The Next 30 Years: An intentional exclusion of special education By John Walker

The 30 years of battles between the local education authority and the parents: a legacy.

Department of Education and Sciences, statement to supply and training teachers of the deaf (January 24, 1977: National Archives)

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Correspondence to Dr. Thomas J. Watson of the National College of Teachers of the Deaf.

"Dear Dr. Watson

"I am very sorry that you have not had an earlier reply to your letter of 28 October in which you invited my comments on the future employment prospects of teachers of the deaf, especially as even now I cannot tell you anything very helpful. This not because of unwillingness to do so; there are a number of factors affecting the situation which make predictions which are likely to prove accurate extremely difficult.

"Two such factors are the falling school populations and improvements over recent years in medical services which will mean reduction in the number of hearing impaired children needing some form of special education. Now we have the recent legislation (clause 10 of the 1976 Education Act) which provides that handicapped pupils are to be educated in county and voluntary (i.e. "ordinary" schools) in preference to special schools unless this would be impracticable, against the educational interests of the children (both handicapped and non-handicapped) or involve unreasonable public expenditure. Although the new clause does not come into effect until a day to be appointed by the Secretary of State, it is clearly relevant both to future provision for hearing impaired children in special schools and to the training needs of teachers of handicapped children in ordinary schools.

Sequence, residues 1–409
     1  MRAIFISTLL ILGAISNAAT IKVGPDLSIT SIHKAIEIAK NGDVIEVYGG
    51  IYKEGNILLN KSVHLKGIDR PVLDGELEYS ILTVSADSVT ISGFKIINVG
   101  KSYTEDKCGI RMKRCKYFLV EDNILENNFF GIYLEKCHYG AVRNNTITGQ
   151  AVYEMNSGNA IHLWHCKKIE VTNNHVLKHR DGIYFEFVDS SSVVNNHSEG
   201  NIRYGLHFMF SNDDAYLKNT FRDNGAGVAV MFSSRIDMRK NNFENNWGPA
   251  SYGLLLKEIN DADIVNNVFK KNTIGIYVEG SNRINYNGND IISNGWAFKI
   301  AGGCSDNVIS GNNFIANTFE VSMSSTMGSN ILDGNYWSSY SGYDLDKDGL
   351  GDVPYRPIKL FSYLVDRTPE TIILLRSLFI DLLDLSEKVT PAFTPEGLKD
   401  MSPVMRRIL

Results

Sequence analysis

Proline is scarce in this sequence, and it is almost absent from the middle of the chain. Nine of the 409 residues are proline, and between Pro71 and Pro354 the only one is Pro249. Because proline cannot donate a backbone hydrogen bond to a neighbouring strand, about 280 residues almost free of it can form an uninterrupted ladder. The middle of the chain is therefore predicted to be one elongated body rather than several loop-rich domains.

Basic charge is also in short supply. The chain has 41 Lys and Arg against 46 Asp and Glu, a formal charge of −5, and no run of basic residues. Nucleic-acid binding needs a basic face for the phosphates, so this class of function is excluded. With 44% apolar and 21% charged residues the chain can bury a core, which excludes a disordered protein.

"Alongside these uncertainties, there are current economic constraints which you mentioned as likely to affect expansion of services. We do not, for example, know what effect the need for economy locally will in the short-term have on peripatetic services which have been building up quite steadily over the years and would doubtless have continued to do so. In 1975, a quarter of the qualified teachers of the deaf were employed in this field which is a significant proportion.

You mentioned also the Diploma of the National College of Teachers of the Deaf which is, as you will know, to be replaced by a similar course run by the new British Association of Teachers of the Deaf from 1976.  We are still awaiting course details for approval but, meanwhile, the Examination Board of BATOD has agreed that the number of candidates should be restricted to ensure efficient examination. I cannot say more than that at present but I appreciate your concern about the effect in the current situation of a build up of in-service training on the employment of new entrants and newly qualified teachers from the one year full-time course.

"Because of my delay in replying, you may already have settled your student intake for 1977-78. If not, I can only suggest you concentrate on students who are clearly well qualified, looking even more critically than usual at the borderline cases. It might also be advisable to discourage those who are not prepared to be mobile unless they have a post to return to.

"I am very sorry that I cannot be more helpful and that I seem to have dwelt on the problems rather than offer constructive guidance. We are looking afresh at the training provision in the light of recent developments but that does not help in your immediate difficulty.

"Yours sincerely, Miss M S Hardwick."

A shift from educational to economic decisions

In the process to establish a mainstream education provision, deaf children were statemented to detail what services they required. At the time of the Warnock Report, it was hoped that the statement would reflect the educational needs of the child, but the person, from the local education authority, who assessed the child's needs was also the budget holder. Parents, and their children, were persuaded to consider cheaper options and refrain from considering expensive options, such as specialist, residential education.

During the life of a deaf child's education, the parent would attend a tribunal hearing as many as 30 times. This trend persisted for the next 30 years. This ongoing pressure created a response from the National Deaf Children's Society, which established an 'informed choice' policy, as an attempt to return the 'ability to choose' back to the parents.

This page was added on 26/09/2012.

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